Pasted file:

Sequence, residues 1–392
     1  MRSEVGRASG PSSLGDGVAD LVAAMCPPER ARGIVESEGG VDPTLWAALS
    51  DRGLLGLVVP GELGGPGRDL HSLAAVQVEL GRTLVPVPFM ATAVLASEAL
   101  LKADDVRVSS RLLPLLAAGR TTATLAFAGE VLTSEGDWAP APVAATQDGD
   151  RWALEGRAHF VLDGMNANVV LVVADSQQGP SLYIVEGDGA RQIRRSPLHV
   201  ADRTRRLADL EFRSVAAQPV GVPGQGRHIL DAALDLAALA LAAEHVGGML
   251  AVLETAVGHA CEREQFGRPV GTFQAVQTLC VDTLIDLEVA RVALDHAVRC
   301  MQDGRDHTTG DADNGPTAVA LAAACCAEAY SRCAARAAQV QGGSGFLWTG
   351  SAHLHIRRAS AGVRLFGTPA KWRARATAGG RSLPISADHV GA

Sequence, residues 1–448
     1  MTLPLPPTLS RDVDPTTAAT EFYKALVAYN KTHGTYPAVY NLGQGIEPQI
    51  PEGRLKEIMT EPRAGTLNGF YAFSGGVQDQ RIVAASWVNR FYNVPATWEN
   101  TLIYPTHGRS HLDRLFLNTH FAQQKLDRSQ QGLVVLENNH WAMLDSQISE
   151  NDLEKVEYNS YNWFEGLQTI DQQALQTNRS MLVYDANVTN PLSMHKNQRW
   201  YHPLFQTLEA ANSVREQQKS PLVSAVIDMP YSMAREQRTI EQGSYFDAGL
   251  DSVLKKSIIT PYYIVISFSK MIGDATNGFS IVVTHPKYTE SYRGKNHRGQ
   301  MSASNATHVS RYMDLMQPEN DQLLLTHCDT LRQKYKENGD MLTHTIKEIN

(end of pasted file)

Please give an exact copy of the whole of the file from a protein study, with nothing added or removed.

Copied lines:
Sequence, residues 1–392
     1  MRSEVGRASG PSSLGDGVAD LVAAMCPPER ARGIVESEGG VDPTLWAALS
    51  DRGLLGLVVP GELGGPGRDL HSLAAVQVEL GRTLVPVPFM ATAVLASEAL
   101  LKADDVRVSS RLLPLLAAGR TTATLAFAGE VLTSEGDWAP APVAATQDGD
   151  RWALEGRAHF VLDGMNANVV LVVADSQQGP SLYIVEGDGA RQIRRSPLHV
   201  ADRTRRLADL EFRSVAAQPV GVPGQGRHIL DAALDLAALA LAAEHVGGML
   251  AVLETAVGHA CEREQFGRPV GTFQAVQTLC VDTLIDLEVA RVALDHAVRC
   301  MQDGRDHTTG DADNGPTAVA LAAACCAEAY SRCAARAAQV QGGSGFLWTG
   351  SAHLHIRRAS AGVRLFGTPA KWRARATAGG RSLPISADHV GA

Sequence, residues 1–448
     1  MTLPLPPTLS RDVDPTTAAT EFYKALVAYN KTHGTYPAVY NLGQGIEPQI
    51  PEGRLKEIMT EPRAGTLNGF YAFSGGVQDQ RIVAASWVNR FYNVPATWEN
   101  TLIYPTHGRS HLDRLFLNTH FAQQKLDRSQ QGLVVLENNH WAMLDSQISE
   151  NDLEKVEYNS YNWFEGLQTI DQQALQTNRS MLVYDANVTN PLSMHKNQRW
   201  YHPLFQTLEA ANSVREQQKS PLVSAVIDMP YSMAREQRTI EQGSYFDAGL
   251  DSVLKKSIIT PYYIVISFSK MIGDATNGFS IVVTHPKYTE SYRGKNHRGQ
   301  MSASNATHVS RYMDLMQPEN DQLLLTHCDT LRQKYKENGD MLTHTIKEIN